Survivors of domestic violence can apply to civil courts (family proceedings courts or county courts) for an injunction or court order to help protect them. The most common types of court orders are:

Non-Molestation Orders

This type of court order is used to stop someone from pestering, attacking, threatening or harassing you or your children.

Each order is unique and takes your individual circumstances into consideration.

The Magistrates will consider your health, safety and well-being, and any children involved.

They will also assess how they think an order will help the situation.

Civil courts need less proof than a criminal court, but they still need evidence of a deliberate incident affecting you or a child before imposing a court order.

This is where photographs of injuries or property damage can help, as they can form part of the case for an injunction, along with the statement, to show that there has been violence.

If you need an emergency non-molestation order, you can apply for it ‘without notice’.

This is helpful if you need immediate protection.

Emergency orders can be granted for 28 days – they then go back to court to give the abuser the opportunity to defend the allegations.

It is a criminal offence if the non-molestation order is broken  You can call the police to report this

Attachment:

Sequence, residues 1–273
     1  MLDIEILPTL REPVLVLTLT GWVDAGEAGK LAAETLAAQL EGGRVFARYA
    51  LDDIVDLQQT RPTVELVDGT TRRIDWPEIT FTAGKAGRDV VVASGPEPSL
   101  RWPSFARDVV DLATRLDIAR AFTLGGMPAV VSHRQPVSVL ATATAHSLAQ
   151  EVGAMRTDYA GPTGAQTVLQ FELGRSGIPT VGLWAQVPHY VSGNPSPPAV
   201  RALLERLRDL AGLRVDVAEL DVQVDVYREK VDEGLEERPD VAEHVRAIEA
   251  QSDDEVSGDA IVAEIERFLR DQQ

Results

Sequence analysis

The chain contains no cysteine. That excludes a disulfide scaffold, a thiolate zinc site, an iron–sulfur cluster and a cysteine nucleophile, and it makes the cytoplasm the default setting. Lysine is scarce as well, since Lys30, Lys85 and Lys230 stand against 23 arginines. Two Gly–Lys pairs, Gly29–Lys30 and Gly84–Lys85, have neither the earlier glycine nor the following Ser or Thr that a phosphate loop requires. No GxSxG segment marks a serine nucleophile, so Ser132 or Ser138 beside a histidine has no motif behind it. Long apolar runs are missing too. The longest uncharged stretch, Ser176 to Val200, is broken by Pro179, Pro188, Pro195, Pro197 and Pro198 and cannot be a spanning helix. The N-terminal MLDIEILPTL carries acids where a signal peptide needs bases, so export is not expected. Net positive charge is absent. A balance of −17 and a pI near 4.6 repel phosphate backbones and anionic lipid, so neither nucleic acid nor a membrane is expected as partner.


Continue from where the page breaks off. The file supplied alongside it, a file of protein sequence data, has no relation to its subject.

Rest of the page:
Occupation Orders

Occupation orders state who can live in a property.

Similar to non-molestation orders, they are tailored to your individual circumstances.

The orders could say that the abuser must leave the property you live in.

Injunctions will state how long this applies for – some orders may be given until further notice if the court feels it’s necessary to protect you or your children.

Any of the following can apply for an occupation order:

  • Co-habitants or former co-habitants
    • this does not include tenants, lodgers or boarders
  • Married or formerly married people
  • Civil partners or former civil partners
  • Relatives
    • including step-parents & step-children
  • People who have agreed to be married or enter into a civil partnership
    • whether or not the agreement continues
  • Both parents of the same child or people who have or had a parental responsibility for a child

This also includes people who have stayed in an intimate personal relationship.


Prohibited Steps Order

A prohibited steps order is granted by a court when threats have been made by your partner to take your children from you.

It stops your partner from taking your child away from your care and control.

It does not necessarily stop all contact with the children, but will determine how contact can be safely maintained.